Soul singer Sharon Jones tragically died at age 60 days ago, and according to her Dap-Kings‘ bandmate Gabriel Roth, she was singing till the very end.
In an interview with LA Times, Roth spoke about the band spending Jones’ last days with her. She had been fighting cancer for years, but she suffered a stroke on Nov. 8, election night. Roth immediately went to visit her in the hospital, and after Jones suffered a second stroke the next day, he called the other band members.
Once the other bandmates were with Jones in the hospital, Roth said, she began to do what she has always done best: sing. It started with humming along to guitar strums by Dap-Kings member Binky Griptite.
“It was kind of remarkable. She was just moaning at first, and then she was moaning in tune and then she started following chord changes and pretty soon she was humming “His Eye on the Sparrow” with him,” Roth said. But eventually, she would begin singing songs like “Amazing Grace,” “Go Tell It On The Mountain” and “This Little Light Of Mine.”
“We all just kept playing and singing with her, and little by little over the next couple of days she actually started moving her mouth and started singing lyrics. She just wanted to sing these gospel songs.”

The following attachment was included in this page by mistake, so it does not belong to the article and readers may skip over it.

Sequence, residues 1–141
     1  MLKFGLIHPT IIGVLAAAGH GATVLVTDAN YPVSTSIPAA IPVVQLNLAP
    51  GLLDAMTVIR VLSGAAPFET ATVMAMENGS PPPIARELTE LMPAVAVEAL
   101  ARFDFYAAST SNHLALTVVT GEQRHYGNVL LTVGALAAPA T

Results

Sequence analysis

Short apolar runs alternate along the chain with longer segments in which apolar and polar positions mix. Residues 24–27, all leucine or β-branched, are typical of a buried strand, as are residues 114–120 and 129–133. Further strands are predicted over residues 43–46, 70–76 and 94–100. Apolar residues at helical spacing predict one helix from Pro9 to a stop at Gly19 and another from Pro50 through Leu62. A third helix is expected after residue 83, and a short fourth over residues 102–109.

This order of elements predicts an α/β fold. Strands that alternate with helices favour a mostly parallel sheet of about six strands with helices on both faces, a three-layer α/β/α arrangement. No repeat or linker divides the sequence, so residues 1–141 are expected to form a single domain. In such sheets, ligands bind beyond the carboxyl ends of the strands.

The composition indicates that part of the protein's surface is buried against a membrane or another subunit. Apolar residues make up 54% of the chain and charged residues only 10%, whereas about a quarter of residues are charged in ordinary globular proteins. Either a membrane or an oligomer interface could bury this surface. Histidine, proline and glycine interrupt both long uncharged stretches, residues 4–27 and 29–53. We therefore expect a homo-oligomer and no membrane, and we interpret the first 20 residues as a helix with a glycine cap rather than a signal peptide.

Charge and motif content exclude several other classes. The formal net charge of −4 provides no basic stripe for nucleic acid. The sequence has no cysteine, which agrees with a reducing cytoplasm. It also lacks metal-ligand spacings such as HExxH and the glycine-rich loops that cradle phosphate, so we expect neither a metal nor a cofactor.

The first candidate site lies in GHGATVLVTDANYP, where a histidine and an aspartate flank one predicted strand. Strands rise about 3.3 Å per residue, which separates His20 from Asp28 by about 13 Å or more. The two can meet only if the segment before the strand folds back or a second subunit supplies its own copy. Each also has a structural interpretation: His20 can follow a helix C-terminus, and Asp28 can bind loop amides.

Jones kept singing, even when she couldn’t actually speak to the people around her.
“Even in that state — if you asked her if she was in pain, she couldn’t respond. She couldn’t say one word, or say somebody’s name or anything,” Roth said. “But she could find harmony notes with (backing vocalists) Saun and Starr, and sing three-part harmony and improvise these gospel moans. It was really remarkable, and it was beautiful. I’ve never seen anything like it.”
“…It was very sad, but it was also very beautiful and kind of amazing to see that. I mean, she was the strongest person any of us had ever known, and she just kept singing. She didn’t want to stop singing.”
Jones, who was born in Augusta, Ga., was known for her powerful voice and her high-energy live performances. Her sixth album with the Dap-Kings, Give The People What They Want, earned a Grammy nomination for Best R&B Album, making her first honor from the Academy.
is a journalist who covers music, pop culture, film/TV, race, culture and social justice. He is an editor at Okayplayer, and his work has appeared in Complex, Billboard, Guardian, NPR, MTV, Ebony, HipHopDX, The Flint Journal-MLive, and other publications.